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Old 05-18-2013, 02:51 PM
mountainmama Female mountainmama is offline
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Could I get the recipe from you? That sounds really good and I am always looking for new bread recipes.
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  #17  
Old 05-18-2013, 11:14 PM
Teatime Female Teatime is offline
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For Challah, I use Smitten Kitchen's recipe, but I use an extra egg. I first followed Chai Time's recipe, but she aims for low carb....I don't. I still use chai Time's braiding technique. Both links are included.

Smitten Kitchen's Challah:

http://smittenkitchen.com/blog/2008/...lah-egg-bread/

1 1/2 packages active dry yeast (1 1/2 tablespoons or 3/8 ounces or 11 grams)
1 tablespoon (13 grams) plus 1/2 cup (100 grams) sugar
1/2 cup (118 ml) olive or vegetable oil, plus more for greasing the bowl
5 large eggs
1 tablespoon (14 grams) table salt
8 to 8 1/2 cups (1000 to 1063 grams) all-purpose flour
1/2 cup raisins (about 70 grams) per challah, if using, plumped in hot water and drained
Poppy or sesame seeds for sprinkling.

Chai Time's recipe and braiding technique...six strand braids are impressive.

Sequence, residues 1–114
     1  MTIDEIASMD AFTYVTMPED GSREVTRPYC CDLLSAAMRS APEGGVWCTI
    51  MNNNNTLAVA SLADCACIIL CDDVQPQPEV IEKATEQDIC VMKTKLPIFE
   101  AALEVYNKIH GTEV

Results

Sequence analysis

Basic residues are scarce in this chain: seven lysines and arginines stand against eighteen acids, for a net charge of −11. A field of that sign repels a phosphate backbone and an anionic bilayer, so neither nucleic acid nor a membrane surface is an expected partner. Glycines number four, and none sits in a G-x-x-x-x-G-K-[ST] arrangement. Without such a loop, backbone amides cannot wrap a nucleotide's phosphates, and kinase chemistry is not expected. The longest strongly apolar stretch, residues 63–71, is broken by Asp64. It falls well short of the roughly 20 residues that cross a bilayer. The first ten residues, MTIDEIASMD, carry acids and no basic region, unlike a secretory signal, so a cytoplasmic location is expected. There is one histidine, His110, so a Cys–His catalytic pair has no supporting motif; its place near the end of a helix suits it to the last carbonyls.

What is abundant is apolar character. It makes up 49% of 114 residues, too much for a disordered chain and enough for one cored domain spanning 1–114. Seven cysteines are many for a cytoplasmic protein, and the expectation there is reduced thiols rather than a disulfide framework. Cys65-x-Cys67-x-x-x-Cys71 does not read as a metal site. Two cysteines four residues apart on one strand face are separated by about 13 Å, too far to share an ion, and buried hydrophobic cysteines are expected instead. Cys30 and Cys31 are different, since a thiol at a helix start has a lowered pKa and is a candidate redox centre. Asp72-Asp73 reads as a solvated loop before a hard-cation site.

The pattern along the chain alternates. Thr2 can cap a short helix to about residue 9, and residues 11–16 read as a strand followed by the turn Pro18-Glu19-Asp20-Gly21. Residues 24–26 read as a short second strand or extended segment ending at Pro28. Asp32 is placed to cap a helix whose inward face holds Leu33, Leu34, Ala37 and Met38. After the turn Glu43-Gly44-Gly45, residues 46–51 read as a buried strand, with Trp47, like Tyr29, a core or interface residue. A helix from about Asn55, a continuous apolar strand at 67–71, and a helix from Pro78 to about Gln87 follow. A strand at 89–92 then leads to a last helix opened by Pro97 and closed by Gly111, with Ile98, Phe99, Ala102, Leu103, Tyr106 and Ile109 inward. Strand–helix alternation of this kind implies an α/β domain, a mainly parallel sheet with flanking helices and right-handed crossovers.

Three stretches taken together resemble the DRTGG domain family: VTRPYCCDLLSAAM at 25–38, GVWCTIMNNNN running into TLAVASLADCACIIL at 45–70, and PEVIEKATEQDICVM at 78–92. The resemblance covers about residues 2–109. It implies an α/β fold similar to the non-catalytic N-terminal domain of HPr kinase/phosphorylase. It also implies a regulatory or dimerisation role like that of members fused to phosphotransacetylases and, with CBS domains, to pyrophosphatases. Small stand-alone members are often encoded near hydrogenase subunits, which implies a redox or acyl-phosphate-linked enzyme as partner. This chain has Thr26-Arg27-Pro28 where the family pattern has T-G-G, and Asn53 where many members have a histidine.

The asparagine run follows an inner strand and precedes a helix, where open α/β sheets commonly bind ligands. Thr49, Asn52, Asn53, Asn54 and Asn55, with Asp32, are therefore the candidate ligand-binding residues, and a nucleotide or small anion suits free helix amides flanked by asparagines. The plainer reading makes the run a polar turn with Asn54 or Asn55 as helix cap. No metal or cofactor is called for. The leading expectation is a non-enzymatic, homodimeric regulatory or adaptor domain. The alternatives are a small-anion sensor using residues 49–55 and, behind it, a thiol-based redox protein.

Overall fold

http://chaitimeblog.wordpress.com/20...trand-challah/

Hope this helps. Baking bread is so very addictive! I love it.
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Old 05-19-2013, 04:13 PM
mountainmama Female mountainmama is offline
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Thanks for the recipe. Will try it soon.
I have made potato bread as well. Made some last week, but it didn't turn out too good. Will try again though.
Take care.
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Old 09-14-2013, 01:15 PM
Colorado Female Colorado is offline
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It sound good and it uses oil. I have to bake with oil now not shortening. I buy canola oil.
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  #20  
Old 09-14-2013, 06:23 PM
bookwormom bookwormom is offline
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I make my bread in round loaves most of the time. Fast and easy. sometimes I make it long, also fast and easy. My grandmother always made round sourdough loaves. Mine does not taste as good as hers. She used a lot of rye.
Thanks for posting the recipes. I never made sourdough biscuits.